Visiting master embroiderer Alain Dodier in Sainte Valiere, Southern France, was like straying into a medieval scriptorium, save that Alain is very much of our time Nonetheless, as he creates intricate vivid scenes in silk embroidery threads, using Bayeux stitching that harks back to the 11th century, his passion and dedication to historical detail and fidelity reminded me of the slow and painstaking creation of illuminated manuscripts that tell stories of great import to Western culture. His seven-meter panel about the Pilgrims’ Route to Santiago de Compostela is one such work.Read More
So often this happens in life: you go to see one place or thing, and what ends up being the special highlight is not at all the object of your visit. Fate intervenes! This happened to me again when I went to see the famed cathedral of Saint-Bertrand de Comminges in the French Pyrenees. Yes, the great structure, first raised in 1073 near the site of a Roman city Lugdunum Convenarum, is impressive. It soon changed from its Romanesque beginnings to being a far more elaborate Gothic pilgrimage centre in the late 13th century,, adopting the name of its famed bishop, Bertrand de Got, Bishop of Comminges. Its interior is dominated by an amazing choir and sixty-six stalls, a marvel of carved portraits and scenes in oak, all designed so that the pilgrims visiting St. Bertrand's tomb would not interfere with the daily offices of the canons attached to the cathedral. But another delight awaited me after I explored the cathedral and surrounding small hill town.
A short distance away, below the Roman ruins and St. Bertrand de Comminges itself is the hamlet of Valcabrère. Down a small plane tree-lined road through the fields lies a gem - Saint-Just de Valcabrère. A small Romanesque church, dominated by a sturdy but perfectly proportioned square bell tower crowned with a pyramid tiled roof, it is intimately linked to its cemetery by the simple portal through which one enters the 11th century church.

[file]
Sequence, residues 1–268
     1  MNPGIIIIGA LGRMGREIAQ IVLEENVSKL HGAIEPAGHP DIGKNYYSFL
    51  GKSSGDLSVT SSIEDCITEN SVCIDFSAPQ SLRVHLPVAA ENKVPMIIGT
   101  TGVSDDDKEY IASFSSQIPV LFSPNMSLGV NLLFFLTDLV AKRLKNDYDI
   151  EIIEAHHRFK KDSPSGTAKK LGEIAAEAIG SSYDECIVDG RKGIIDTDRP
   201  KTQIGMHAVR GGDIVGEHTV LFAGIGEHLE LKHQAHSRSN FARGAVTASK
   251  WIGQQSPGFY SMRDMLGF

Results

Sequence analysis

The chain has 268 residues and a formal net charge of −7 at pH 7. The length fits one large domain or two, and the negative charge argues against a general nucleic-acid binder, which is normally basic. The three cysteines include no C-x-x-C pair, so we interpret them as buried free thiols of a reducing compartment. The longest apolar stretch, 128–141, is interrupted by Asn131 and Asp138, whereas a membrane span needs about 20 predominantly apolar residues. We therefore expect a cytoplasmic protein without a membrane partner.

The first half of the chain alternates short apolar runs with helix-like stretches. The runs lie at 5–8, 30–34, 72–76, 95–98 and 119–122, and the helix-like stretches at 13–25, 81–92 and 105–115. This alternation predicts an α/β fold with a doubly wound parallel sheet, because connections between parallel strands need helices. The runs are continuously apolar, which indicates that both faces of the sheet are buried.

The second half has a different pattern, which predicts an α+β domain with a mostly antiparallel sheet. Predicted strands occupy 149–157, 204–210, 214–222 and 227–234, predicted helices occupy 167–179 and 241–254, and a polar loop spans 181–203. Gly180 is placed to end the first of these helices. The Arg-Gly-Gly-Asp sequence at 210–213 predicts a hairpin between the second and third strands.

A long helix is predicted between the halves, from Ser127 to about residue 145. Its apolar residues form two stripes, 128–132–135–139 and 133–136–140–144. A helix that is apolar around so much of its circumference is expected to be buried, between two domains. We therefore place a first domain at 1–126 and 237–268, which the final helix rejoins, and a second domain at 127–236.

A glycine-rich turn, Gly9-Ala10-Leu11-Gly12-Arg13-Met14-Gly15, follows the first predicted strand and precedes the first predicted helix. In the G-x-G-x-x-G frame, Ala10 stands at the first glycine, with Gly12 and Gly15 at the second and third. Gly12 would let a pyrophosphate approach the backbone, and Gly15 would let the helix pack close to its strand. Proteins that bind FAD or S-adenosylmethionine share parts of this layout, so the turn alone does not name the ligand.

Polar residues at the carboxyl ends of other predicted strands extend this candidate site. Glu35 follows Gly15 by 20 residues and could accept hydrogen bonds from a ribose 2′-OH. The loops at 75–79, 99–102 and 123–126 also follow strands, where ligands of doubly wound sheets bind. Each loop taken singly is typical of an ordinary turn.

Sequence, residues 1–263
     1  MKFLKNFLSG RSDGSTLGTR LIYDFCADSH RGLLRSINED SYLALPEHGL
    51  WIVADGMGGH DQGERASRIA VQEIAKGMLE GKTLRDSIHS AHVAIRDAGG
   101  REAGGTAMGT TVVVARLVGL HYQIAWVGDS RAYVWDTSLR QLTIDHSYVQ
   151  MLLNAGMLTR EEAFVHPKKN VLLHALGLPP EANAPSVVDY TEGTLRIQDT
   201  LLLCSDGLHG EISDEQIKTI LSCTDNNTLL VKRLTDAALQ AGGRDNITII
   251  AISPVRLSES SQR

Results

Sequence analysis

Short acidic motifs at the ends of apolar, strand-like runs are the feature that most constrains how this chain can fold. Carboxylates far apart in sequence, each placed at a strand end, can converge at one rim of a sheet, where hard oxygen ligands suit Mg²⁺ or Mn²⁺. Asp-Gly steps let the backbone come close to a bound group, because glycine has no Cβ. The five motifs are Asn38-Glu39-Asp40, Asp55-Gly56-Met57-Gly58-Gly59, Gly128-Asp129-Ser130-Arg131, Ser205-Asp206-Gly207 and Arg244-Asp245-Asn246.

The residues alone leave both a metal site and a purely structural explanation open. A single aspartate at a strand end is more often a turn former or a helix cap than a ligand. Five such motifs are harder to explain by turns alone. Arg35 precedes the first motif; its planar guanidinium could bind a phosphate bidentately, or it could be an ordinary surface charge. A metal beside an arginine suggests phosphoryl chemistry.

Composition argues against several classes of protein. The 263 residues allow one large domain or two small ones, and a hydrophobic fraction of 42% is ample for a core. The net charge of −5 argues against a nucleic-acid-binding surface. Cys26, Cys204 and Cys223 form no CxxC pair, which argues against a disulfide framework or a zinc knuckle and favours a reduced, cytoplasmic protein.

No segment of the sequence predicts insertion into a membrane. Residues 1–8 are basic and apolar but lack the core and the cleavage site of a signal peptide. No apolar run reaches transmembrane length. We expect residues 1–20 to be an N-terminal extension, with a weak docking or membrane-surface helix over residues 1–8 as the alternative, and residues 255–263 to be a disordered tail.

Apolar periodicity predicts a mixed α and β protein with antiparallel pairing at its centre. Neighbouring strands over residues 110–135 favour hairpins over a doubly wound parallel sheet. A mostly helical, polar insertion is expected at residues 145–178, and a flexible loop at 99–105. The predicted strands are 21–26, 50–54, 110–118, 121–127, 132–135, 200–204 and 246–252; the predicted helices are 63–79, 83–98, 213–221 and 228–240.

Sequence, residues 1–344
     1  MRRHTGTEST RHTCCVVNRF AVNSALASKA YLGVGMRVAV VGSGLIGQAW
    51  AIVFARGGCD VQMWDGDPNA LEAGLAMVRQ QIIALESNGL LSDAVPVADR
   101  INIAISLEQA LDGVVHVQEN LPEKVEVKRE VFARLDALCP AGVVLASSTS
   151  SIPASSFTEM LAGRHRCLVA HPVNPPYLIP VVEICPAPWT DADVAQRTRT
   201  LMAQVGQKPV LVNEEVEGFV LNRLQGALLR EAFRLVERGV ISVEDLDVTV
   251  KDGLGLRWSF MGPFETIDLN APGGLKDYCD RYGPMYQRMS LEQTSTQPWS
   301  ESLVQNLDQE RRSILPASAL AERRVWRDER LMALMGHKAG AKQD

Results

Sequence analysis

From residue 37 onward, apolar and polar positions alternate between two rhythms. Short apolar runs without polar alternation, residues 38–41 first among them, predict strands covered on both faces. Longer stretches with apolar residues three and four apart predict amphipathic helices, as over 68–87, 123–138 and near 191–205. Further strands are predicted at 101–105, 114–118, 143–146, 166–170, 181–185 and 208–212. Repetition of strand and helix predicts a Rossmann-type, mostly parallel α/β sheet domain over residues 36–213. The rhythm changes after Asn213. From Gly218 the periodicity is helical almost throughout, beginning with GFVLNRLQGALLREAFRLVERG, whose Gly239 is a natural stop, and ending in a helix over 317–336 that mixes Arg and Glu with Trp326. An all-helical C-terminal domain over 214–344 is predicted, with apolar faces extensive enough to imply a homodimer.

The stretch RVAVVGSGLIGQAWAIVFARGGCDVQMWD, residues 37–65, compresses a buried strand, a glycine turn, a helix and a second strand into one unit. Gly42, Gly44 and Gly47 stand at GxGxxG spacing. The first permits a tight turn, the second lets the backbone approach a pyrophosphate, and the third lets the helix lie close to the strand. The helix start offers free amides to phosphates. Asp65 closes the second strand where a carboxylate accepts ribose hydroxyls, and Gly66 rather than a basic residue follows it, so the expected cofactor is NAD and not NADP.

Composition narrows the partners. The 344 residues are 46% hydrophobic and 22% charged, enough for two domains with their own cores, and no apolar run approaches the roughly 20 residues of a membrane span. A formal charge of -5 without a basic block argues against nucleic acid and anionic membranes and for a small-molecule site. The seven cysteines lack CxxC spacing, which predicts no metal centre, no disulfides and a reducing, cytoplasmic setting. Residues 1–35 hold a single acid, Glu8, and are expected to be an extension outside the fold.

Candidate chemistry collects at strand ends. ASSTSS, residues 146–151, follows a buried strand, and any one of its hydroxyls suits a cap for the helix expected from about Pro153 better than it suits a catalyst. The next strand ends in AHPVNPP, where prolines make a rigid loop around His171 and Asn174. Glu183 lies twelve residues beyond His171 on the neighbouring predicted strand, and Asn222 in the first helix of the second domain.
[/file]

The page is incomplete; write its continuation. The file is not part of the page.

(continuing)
Golden stone, perfect Romanesque arches, a sense of quiet and peace, simplicity everywhere - I was mesmerised. I have always loved Romanesque architecture and have often meandered through France to visit churches of this era, but Saint-Just de Valcabrère is one of the loveliest examples I have seen. The entrance is so restrained in the carved details, St. Etienne who was martyred in Alcala de Henares, Spain, on 6th August, 304 AD, during the terrible persecutions imposed by Diocletian. He is accompanied by two Spanish martyred priests in the outer carvings.
I was strangely lucky in the timing of my finding Saint-Just: as I arrived, I found all the little roads approaching the church jammed with cars and people walking to the entrance. The bell began slowly to toll - so I knew it had to be for a funeral. I joined the mourners and entered the totally packed church just as the priest was beginning the service. Again, perfectly proportioned golden arches, a sense of intimacy and timelessness, despite all the people. The altar in white marble is perhaps the most elaborate aspect of the interior, but it seemed totally appropriate. At the far end of the church from the altar, where normally one enters a church, there is an imposing organ, played beautifully when I was there.
I did not linger too long as people were still arriving and every chair in the church was required. So I slipped away, amazed and grateful at my wonderful magical moments. It is not every day that one happens on such elegant, beautiful simplicity.
Back on April 28th, 2012, I.M. Pei, the architect, was quoted by William Cook in The Spectator as saying, "What interests me about architecture are the links between old and new – art, history and architecture are indeed one."
I found the most wonderful example of this happy marriage between history, art and architecture during my visit to Matera, South Italy. In amongst the astonishing labyrinth of caves, grottoes, vaulted homes and churches in the golden tufa Sassi area, many inhabited for millennia, is MUSMA, the Contemporary Sculpture Museum of Matera. The museum of a many fingered series of tamped-earth floored grottoes, full of niches and wells dug deep into the cool tufa limestone, was originally a palace, the Palazzo Pomarici, dating from the 17th century onwards with some outer constructed rooms added on to the caves. The original caves go back, probably, to neolithic times, and have been used as dwellings or places of worship and refuge ever since.